Michèle Hastings said...

You bring up many good points. I think focusing on what you do best and keeping it consistent is key... but it's REALLY hard when you have so many ideas dancing in your head. I made the decision last year to focus on my ginkgo leaf design and piggy banks. Sales were up. Was it because of that? Who knows!!
When I start to get bored I think of a new form that I can carve into... it seems to satisfy my urge to wander and often brings about new ideas.

Tracey Broome said...

Meredith, I am pinging and ponging right along with you! I also have a hard time staying focused on one thing, like Michele says in her comment, it is so hard when you have so many ideas.
Dennis, really good points! Even though functional ware potters are making lots of different items, if they are consistent with their work I know who they are when I spot a piece of theirs. I used to be so all over the place with glazes and items, you would never know who I was, except some mixed up pottery student, haha! Slow and steady wins the race :)
Michele, I think a narrow focus does lend itself to success and I think you had a good formula last year, proof is in the sales. It's hard to not get bored though, I agree.

Lori Buff said...

They say that the creative side of the brain has so much stuff going on it's impossible to keep up.

I understand the Libra thing (and I have Gemini as my raising sign) so I try to narrow down what I do in my pottery. Yes, you may not love the idea of making a production batch of stars but you will love the money that comes in and helps you build your barns. Think of them as the distraction that keeps you from burning out on barn creation.

Susan Wells said...

I suppose sometimes we do need to make compromises and at the same time, the more we make what suits us the better! Some times its good to have bread an butter made of stars!

Tracey Broome said...

Lori, oh dear, my dad was a Gemini, work, work, work! That's all he did, but he loved it. Thankfully, I don't really mind making the stars, but they like to kill themselves, cracking, glaze issues, blah blah, I have to charge a bit more for them just to make up for the time spent. It could be worse :-)
Susan, yes bread and butter stars, with strawberry jelly please!

Tracey Broome said...

Lori, oh dear, my dad was a Gemini, work, work, work! That's all he did, but he loved it. Thankfully, I don't really mind making the stars, but they like to kill themselves, cracking, glaze issues, blah blah, I have to charge a bit more for them just to make up for the time spent. It could be worse :-)
Susan, yes bread and butter stars, with strawberry jelly please!

Michèle Hastings said...

Tracey, I think your stars are my piggy banks. Everyone loves them, which means they sell, and it's a good thing we enjoy making them!
I made the decision last year not to sell the pigs on consignment. If a gallery wants them they have to buy wholesale, with a minimum order. I can sell them pretty fast on my own, so I don't want to have to wait for the money.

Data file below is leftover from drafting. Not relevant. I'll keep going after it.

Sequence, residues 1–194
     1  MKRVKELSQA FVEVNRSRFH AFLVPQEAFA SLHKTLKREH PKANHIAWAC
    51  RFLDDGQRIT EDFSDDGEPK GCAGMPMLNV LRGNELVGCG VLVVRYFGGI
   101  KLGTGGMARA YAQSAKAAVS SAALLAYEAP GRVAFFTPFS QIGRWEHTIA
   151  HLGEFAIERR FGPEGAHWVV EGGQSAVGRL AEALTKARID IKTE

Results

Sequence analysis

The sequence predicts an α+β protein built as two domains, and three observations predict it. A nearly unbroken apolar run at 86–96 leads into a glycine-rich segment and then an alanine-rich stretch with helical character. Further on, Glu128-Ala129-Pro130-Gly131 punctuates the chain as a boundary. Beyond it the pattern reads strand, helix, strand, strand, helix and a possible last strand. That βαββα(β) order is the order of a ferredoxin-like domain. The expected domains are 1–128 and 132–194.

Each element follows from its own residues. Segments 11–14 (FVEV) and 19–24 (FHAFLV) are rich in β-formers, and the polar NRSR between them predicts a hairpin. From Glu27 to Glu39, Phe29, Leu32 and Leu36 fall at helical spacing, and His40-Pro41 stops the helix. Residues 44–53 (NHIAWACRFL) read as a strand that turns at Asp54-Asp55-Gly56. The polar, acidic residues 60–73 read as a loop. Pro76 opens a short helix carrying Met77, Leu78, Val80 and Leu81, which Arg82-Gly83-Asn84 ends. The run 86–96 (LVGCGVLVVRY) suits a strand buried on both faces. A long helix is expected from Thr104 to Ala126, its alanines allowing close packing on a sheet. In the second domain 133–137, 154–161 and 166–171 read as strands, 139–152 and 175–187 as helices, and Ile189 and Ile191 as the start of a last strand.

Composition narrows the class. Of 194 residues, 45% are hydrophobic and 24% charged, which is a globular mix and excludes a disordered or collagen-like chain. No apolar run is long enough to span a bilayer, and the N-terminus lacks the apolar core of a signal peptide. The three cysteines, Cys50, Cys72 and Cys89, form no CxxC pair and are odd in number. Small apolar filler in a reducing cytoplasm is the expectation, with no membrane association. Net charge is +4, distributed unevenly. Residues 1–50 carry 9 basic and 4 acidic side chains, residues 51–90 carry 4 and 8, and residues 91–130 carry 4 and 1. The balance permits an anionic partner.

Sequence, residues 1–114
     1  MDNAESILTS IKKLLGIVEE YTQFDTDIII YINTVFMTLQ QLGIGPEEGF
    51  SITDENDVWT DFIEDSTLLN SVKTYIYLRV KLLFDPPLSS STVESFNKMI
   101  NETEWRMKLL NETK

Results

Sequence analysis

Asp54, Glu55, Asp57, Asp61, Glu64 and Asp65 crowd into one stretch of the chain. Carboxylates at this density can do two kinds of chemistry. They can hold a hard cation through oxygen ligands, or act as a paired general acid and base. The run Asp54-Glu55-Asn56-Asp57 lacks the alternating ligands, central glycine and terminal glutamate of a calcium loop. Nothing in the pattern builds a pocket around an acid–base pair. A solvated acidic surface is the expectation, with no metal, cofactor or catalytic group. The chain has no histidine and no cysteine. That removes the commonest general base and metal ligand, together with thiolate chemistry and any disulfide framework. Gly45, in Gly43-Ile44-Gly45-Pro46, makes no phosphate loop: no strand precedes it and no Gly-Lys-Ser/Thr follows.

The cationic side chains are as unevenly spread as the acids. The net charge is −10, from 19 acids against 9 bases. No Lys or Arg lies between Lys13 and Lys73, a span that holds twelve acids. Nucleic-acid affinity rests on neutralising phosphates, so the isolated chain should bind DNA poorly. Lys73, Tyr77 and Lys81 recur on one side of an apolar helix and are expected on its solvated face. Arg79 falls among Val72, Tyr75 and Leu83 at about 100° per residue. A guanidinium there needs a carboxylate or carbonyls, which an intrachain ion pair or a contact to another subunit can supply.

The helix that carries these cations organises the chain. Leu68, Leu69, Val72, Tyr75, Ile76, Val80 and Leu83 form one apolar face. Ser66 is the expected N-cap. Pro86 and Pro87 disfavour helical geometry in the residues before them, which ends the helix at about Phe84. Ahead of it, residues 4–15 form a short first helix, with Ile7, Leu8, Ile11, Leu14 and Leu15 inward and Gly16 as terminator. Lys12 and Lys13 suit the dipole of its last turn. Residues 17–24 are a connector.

Your stars are my chip and dips- they are a nice ITEM and they like to kill themselves. AND they ain't SO cheap either. I ping and pong and pong and ping. I think allowing your voice to come through every item, every SERIES is key. Framing the idea as your BARN Series. Within in the larger Tracey Broome brand is the way to go and letting go of some pieces we KNOW that we can make BUT, let someone else do that and focus on several that you continue to develop within their framework(barns,stars) and have a few little experiments it off shoots or short shot series. For you maybe it is a Boat series? Dunno but keep exploring. Within each series make really small barns and really big barns. Little pink houses ? Put a bunch of the stars together as a wreath. Just keep pressing forward and test yourself to exhaust an idea or item or look until you are sure you are done done done. Takeshi Yasuda gave some advice like that at a workshop. He said it is like a relationship/marriage. You should be sure you have really tried everything if you have a look/style/item before you just move on. Or perhaps we can cheat(not a real marriage) on it (go off in a different direction)and yet come back and make it work with a fresh outlook. As I share this advice with you, I am trying to take it myself. I need some form of discussion, criticism about my work and I am currently exploring the idea of trying to find and work with a true mentor(my stumbling block is especially location as I can't just run off but a long distance/Skype /mail/phone/email scenario would be great- trying to get into a two week workshop at haystack to dive in deeper this summer) in the meantime ... A peer critique/discussion group could be wildly helpful. Any interest ? Judi

Tracey Broome said...

Judy, thanks for this great comment. Yes, I like the idea of working an idea until there is no idea left. I worried over the past year that I was done with the house form and what would I do now, but I have more ideas, so I ain't done yet!
I agree that a peer discussion group would be great. I would start one with a blog but I fear everyone has skipped over to facebook, who would be here to read and critique...... just us few that are hanging on to the blog world? I'm happy to participate with you through email or here on my blog.... it's a great idea, we need more of that, let's think about what we can do.....


Let's Tracey. Email any thoughts.

Jerry E Beuterbaugh said...

I hope 2014 proves to be a good year for you and yours!